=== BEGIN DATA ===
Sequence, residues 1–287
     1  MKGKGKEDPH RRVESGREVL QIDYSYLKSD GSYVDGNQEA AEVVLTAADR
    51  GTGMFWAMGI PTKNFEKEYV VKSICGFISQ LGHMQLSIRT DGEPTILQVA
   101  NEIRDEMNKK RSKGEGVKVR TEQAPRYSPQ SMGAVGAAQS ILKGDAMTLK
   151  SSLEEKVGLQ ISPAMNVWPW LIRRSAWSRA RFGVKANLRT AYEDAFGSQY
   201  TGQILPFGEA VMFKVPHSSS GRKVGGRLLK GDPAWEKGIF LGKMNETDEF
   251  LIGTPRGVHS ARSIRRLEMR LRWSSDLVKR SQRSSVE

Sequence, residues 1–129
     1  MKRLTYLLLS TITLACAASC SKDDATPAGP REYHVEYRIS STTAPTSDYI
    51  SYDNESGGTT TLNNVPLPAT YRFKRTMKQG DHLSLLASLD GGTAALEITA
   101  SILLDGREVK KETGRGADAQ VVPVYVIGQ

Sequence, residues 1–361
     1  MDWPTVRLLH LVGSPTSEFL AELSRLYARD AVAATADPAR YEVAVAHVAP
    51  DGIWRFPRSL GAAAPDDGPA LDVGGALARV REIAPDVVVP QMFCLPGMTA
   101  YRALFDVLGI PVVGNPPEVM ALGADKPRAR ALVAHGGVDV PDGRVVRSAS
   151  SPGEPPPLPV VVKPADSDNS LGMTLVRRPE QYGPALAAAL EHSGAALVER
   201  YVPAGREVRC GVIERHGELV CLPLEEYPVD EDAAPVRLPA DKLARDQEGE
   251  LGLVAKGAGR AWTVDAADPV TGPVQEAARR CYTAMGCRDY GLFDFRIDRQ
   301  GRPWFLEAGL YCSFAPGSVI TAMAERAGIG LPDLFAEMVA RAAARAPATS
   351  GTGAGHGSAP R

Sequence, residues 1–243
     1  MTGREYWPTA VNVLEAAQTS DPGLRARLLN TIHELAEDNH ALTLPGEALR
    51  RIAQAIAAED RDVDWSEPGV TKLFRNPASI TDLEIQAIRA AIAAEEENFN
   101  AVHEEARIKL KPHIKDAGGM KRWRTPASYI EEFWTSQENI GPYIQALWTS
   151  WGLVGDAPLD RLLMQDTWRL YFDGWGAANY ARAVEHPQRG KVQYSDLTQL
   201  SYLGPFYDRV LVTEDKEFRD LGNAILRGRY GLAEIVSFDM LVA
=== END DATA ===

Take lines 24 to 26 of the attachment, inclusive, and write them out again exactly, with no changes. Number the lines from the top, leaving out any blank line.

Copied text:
   101  AVHEEARIKL KPHIKDAGGM KRWRTPASYI EEFWTSQENI GPYIQALWTS
   151  WGLVGDAPLD RLLMQDTWRL YFDGWGAANY ARAVEHPQRG KVQYSDLTQL
   201  SYLGPFYDRV LVTEDKEFRD LGNAILRGRY GLAEIVSFDM LVA